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Stuart M. Naylor, Michelle Kelleher, Julie Loader, Jackie de Belin, James Miskin, Georgina Ferrige, Marie Carlucci, Margaret Esapa, Scott Ellis, Peter Widdowson; Biodistribution and Immunological Responses to the Lentiviral-Vector Based Gene Therapy Product RetinoStat® Following Subretinal Injection in Rabbits and Rhesus Macaques. Invest. Ophthalmol. Vis. Sci. 2011;52(14):484.
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RetinoStat® is a lentiviral vector-based gene therapy for the treatment of wet AMD designed to express the angiostatic proteins endostatin and angiostatin. GLP regulatory studies in rabbits and rhesus macaques were performed to examine the biodistribution of vector following subretinal delivery and the subsequent immune responses to the vector.
Subretinally-delivered RetinoStat was examined in the Dutch-belted pigmented rabbit and the rhesus macaque. RetinoStat was injected in the right eye only and compared to animals injected with formulation buffer. Ocular structures, tears, plasma, urine, cerebrospinal fluid and organ samples were collected at 3 days, 1 week, 1 month, 3 month and 6 months in the rabbits. Tears and plasma samples were taken at regular intervals in the macaques along with terminal 6 month organ samples. All samples were measured for the presence of vector by qPCR. Serum samples were harvested from both species to assess immunological responses to RetinoStat at regular intervals. The endostatin and angiostatin protein levels were measured by ELISA in the vitreous samples taken from the rabbits at different timepoints through the study.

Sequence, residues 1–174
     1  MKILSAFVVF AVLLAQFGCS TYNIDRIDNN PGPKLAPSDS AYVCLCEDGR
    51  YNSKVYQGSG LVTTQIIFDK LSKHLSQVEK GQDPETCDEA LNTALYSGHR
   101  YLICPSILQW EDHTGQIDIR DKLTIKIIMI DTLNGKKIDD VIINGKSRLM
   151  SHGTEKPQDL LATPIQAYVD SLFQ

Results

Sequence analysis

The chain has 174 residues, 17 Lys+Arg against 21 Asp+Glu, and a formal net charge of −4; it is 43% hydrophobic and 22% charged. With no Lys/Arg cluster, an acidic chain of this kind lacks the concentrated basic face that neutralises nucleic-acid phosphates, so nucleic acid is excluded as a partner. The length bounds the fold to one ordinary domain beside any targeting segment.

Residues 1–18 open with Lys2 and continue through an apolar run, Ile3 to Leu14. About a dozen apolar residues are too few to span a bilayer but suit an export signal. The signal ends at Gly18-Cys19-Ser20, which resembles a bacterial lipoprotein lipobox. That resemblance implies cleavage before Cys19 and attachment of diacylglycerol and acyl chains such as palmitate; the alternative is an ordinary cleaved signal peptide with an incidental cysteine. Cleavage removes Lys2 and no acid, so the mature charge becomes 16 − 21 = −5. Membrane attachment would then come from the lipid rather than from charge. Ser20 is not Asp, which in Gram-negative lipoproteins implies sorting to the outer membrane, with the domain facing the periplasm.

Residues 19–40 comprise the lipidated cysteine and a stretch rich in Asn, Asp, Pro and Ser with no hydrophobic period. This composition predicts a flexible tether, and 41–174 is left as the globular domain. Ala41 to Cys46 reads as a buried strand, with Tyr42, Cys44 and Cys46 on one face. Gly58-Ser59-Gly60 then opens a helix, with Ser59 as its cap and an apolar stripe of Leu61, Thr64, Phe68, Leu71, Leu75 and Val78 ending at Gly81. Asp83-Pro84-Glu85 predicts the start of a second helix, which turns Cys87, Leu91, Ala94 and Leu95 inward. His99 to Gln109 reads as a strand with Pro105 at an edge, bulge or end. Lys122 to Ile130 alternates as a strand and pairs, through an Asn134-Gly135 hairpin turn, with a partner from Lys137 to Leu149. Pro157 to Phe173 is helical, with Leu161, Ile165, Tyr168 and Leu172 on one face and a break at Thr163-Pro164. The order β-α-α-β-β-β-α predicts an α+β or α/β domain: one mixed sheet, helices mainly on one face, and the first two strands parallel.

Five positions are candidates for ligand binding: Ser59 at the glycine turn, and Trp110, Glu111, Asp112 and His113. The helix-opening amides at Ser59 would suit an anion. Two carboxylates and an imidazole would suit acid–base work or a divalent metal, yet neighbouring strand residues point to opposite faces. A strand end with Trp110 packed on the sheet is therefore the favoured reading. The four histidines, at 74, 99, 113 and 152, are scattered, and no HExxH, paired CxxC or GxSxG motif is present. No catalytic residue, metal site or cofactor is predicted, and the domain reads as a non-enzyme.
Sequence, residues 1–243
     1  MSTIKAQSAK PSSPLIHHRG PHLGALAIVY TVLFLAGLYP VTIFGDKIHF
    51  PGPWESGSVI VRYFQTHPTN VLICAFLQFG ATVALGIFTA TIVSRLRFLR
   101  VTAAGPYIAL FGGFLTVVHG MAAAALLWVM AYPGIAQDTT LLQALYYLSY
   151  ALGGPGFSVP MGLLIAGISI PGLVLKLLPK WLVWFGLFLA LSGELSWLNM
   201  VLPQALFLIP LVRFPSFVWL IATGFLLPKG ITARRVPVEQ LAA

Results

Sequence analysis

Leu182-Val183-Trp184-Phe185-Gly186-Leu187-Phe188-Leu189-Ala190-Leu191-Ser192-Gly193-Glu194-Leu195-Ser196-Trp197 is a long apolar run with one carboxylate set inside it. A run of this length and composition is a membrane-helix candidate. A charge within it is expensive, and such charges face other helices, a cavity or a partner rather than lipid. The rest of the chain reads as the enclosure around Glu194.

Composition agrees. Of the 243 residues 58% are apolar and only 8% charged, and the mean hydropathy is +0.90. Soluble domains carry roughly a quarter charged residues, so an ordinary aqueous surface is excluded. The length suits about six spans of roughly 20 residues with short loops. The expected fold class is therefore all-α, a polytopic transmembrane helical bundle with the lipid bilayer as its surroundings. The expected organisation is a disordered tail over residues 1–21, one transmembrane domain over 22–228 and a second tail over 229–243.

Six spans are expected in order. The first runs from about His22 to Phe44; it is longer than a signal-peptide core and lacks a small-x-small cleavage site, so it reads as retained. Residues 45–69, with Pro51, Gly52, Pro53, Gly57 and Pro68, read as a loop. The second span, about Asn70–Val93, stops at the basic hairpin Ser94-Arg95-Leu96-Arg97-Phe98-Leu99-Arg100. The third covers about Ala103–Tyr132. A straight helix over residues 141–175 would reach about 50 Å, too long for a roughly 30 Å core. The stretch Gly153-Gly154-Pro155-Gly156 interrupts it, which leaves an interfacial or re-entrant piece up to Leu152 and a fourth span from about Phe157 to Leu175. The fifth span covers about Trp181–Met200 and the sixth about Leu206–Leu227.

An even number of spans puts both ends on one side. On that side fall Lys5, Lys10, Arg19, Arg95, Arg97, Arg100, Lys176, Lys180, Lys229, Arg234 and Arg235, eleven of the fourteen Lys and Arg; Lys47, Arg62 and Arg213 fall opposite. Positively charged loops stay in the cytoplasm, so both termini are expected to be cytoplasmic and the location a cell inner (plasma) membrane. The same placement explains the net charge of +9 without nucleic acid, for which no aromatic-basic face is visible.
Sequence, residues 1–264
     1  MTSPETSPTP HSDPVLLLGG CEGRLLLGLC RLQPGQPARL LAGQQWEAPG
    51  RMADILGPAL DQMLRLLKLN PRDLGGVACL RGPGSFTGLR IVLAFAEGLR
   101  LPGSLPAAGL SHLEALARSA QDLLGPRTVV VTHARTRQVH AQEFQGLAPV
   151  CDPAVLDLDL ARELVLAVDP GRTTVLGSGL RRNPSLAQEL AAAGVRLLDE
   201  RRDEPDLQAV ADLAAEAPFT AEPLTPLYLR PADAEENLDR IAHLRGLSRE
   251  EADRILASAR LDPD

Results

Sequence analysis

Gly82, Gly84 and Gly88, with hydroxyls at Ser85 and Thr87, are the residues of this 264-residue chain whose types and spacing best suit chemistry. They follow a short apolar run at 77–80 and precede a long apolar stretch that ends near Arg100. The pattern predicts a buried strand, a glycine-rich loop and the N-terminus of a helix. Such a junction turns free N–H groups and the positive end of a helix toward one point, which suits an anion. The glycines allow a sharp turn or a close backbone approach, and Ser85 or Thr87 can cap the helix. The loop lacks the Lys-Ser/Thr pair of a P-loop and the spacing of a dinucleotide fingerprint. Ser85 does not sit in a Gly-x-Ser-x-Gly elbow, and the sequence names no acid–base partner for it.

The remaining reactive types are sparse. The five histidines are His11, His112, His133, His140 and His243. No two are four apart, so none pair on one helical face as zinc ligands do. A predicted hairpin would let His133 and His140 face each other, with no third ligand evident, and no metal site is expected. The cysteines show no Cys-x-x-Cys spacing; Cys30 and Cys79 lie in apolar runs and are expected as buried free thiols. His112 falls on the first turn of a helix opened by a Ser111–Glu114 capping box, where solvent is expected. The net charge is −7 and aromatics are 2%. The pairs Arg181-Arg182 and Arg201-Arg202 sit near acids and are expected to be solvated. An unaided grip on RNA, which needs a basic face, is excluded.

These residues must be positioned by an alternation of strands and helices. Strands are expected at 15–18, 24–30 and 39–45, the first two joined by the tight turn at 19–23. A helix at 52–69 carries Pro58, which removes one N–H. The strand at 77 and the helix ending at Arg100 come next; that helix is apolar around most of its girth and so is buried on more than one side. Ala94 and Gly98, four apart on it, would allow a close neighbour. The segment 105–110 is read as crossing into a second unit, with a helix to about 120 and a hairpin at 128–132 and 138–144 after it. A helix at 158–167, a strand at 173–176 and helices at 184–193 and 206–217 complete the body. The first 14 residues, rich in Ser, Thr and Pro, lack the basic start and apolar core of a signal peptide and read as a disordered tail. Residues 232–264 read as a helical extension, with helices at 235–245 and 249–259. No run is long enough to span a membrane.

Quantitation of RetinoStat genome copies in fluids and organs following subretinal dosing demonstrated that the vector remained within the ocular compartment. Vector was detected in the vitreous and the target retina/choroid, with a low signal in the sclera. Non-target ocular tissues that tested positive were below the levels of quantification and may represent minor contamination during collection. No antibody responses to RetinoStat components were detected in serum of either rabbits or macaques up to 6 months post dosing. Both endostatin and angiostatin proteins were detected in the rabbit vitreous samples rising to a maximum between 1 month and 3 months after dosing and remaining high at 6 months. Levels of these proteins were determined to be within the expected therapeutic range.
RetinoStat largely remains within the ocular compartment following subretinal dosing in rabbits and macaques and there was no immunological response to components of the vector. Production of the two therapeutic angiostatic proteins at therapeutic levels was detected in the rabbit eyes up to 6 months demonstrating that a single subretinal dose of RetinoStat may provide long-term therapeutic benefit in patients with age-related macular degeneration.
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